Hi, GNP. While, as a fellow Canuck, I applaud your noble sentiments I fear that in a true extended grid-down situation your idealism could be viewed as naivete and could get you and your neighbours killed or worse. And I am not criticizing or judging you but I don’t think most of us can imagine how bad it might get if a true SHTF situation arises. If you live a bit out of the bigger cities, once the looters are finished with them they will turn their eyes to the agricultural hinterland surrounding the cities. They will have no choice unless they all become cannibals. Once the food is completely gone from the major centres the mass of the population will spread like locusts across the land raping and pillaging and stealing whatever they can to survive. They will band together in gangs to survive and that will be very difficult to defend against. In any siege situation the advantage is always with the aggressor. They will wear you down bit by bit over time. I have to laugh at the notion of all the very rich secreting themselves in their hidden bunkers to wait out the end of the hostilities. What is there going to be for them to come back to? And if the attackers are determined enough their bunkers are going to be peeled back like so many sardine cans and the insides scooped out for good eatin’. LOL! If we’re talking bible stuff somewhere in there it says something like that no one can hide in caves or things like that if the worst comes to pass. I can see your idea working if you get together with ALL your neighbours before our worst nightmares come to pass and getting EVERYONE in your neighbourhood to start prepping now if they already haven’t done so. And you all have to be of like mind with a self-sufficient survivalist mindset. Everyone needs to have some farming or hunting skills and EVERYONE needs to be armed. AS long as they ALL understand it’s for the common good. Everyone has to bring their own particular skillset to the table and be prepared to work very hard to supplement the dwindling original food supply without the weekly virgin sacrifice. LOL! But that is also fraught with danger if there are laggards that refuse to prep and then they of course know who has supplies stashed away. There is no easy answer. Again, I’m not criticizing. You have to do what you think is right. I’m just trying to open your eyes as to what the reality of the situation may become. As bad as most of us think that things can get I don’t think most of us realize that whatever we can imagine the reality would be a 100 times worse. Under the right circumstances people can succumb to true evil and unfortunately too many people have watched shows like “The Walking Dead” giving them many “good” ideas as to what to do to survive. Unless you have a warehouse full of food and water stashed away you have no chance of even saving a small percentage of your neighbours. And once the easy food and water is gone there is a very good chance of them turning on you. As horrible as it sounds, once the food is gone, then starving people need to be treated like rabid dogs or they WILL pull YOU under and then all your effort is for naught. The only real solution I see is to try and move to a small community where the people are already used to being self-sufficient and settling there until some kind of order is restored. I live on a small crescent in what is still a fairly small town and my neighbours are the best. At the moment! LOL! It’s like a small community within a community. Maybe 200 houses. You do the math as to how many people. I have no hope in hell trying to save as many people as I can with the meager supplies I have managed to put away. As far as I can tell no one here is prepping or has fruit trees in their back yards or any thoughts for the future. And of course no one here knows what I’m doing. As far as they’re concerned I’m a poor, dumb, harmless old man. That suits me fine. I’ll leave you with one last story and it surprised the heck out of me. Came across a video on YouTube and there were three young men. Maybe mid 20’s. Not in any particular good or bad shape. Summertime. They wanted to see how far they could walk in 24 hours starting from the very bottom of Yonge street right by the lake. In 24 hours those sons of a bitches made it all the way up to Barrie. Didn’t think it could be done that quickly. The point being that once the people in the major centres like Toronto run out of food they will start to head north. And we’re talking millions of people. Once that happens the people north of the major centres will be in deep, deep shit. Hope we all have a lot of a ammo. I know that I’m going to get blasted for these comments but that can’t be helped. And I’m also sorry that I think so little of human nature but in a true disaster scenario events will play out quite differently as compared to the many sanitized versions that Hollywood loves to portray. As I say there is no easy answer or no easy solution and when the time comes many very difficult decisions will HAVE to made. OldNamVet has seen the reality of combat and what he proposes makes much more sense to me. Show whatever compassion you can to those refugees that come to your door but then very politely but firmly send them on their way and make sure that they understand this is a one time deal. When the time comes we will all be forced to become hard as diamonds while still retaining some semblance of our humanity. To be forewarned is to be forearmed.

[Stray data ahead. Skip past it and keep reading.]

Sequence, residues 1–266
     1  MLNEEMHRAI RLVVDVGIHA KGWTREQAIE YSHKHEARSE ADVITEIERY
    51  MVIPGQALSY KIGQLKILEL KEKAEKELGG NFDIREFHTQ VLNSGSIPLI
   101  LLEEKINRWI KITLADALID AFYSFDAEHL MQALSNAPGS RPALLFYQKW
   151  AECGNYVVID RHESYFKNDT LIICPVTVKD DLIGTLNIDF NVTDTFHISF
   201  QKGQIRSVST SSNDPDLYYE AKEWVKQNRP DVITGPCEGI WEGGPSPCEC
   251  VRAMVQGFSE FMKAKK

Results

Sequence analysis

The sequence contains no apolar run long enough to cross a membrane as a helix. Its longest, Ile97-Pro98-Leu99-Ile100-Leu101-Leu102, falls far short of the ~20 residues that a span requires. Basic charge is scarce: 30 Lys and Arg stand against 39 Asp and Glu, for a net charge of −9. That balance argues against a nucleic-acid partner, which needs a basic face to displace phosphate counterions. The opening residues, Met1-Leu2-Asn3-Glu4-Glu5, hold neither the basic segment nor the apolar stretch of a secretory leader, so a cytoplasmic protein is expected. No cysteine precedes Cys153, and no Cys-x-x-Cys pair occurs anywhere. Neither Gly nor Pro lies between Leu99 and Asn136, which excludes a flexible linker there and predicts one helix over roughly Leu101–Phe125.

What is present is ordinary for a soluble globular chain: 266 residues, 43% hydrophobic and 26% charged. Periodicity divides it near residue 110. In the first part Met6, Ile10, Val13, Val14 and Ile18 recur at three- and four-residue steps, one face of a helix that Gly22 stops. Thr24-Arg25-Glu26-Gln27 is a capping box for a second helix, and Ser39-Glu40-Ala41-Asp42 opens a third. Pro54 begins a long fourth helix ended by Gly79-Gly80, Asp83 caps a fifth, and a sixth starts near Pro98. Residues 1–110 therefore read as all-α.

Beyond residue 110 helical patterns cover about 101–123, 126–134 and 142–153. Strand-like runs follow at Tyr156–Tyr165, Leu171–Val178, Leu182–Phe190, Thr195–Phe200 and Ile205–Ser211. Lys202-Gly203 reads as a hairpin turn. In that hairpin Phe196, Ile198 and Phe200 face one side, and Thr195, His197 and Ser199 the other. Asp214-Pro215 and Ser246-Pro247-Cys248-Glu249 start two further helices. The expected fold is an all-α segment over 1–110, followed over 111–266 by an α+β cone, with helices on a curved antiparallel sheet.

Very, very well said MissKitty. You’ve reminded me of some of the natural disasters that have happened which did have a direct effect on us. The Yellowstone Caldera is a real worry but what can we really do about a potential disaster of that magnitude. That would almost be a planet killer. And I do agree 100% with you about “THEM” trying to keep “US” distracted and divided. Hegelian tactics. Bread and circuses. Cause and affect. Then solution. Cause the problem and then miraculously provide the solution. Orwell may have had it pretty much correct but I don’t think even he realized how really bad it could get. Even in recent memory I recall the Iceland volcano disrupting air travel and that was a very small event. Some of the other ones that effected the climate were Mt. Pinatubo in the Philippines which dropped global temps for 2 or 3 years. The 1883 explosion of Krakatoa. That was not that long ago. The four years following the explosion were unusually cold, and the winter of 1887-1888 included powerful blizzards. Record snowfalls were recorded worldwide. You mentioned Tambora in 1815. It produced mid-summer frosts in New York State and June snowfalls in New England, Newfoundland and Labrador. In 1600, the Huaynaputina in Peru erupted. Tree ring studies show that 1601 was cold. Russia had its worst famine in 1601-1603. From 1600 to 1602, Switzerland, Latvia and Estonia had exceptionally cold winters. The wine harvest was late in 1601 in France, and in Peru and Germany, wine production collapsed. Peach trees bloomed late in China, and Lake Suwa in Japan froze early. These are just some of the worst volcanic events and if people are interested they can go to wikipedia and look it up themselves. For me the point of this is that the global weather system is rather fragile and delicate and doesn’t take all that much to disrupt it. I’m sure the “planners” have taken this into account before they start throwing a whole bunch of nukes around and stirring up so much dust that we have an extended nuclear winter. Unless their plan IS to try and get rid of as many of us as they can in one fell swoop. I’ve heard figures of 500 million bandied about as the ideal population limit for this planet but as I can’t get anyone to confirm, who knows. The best that any of us can do is to be as well prepared for the potential disasters that we CAN deal with.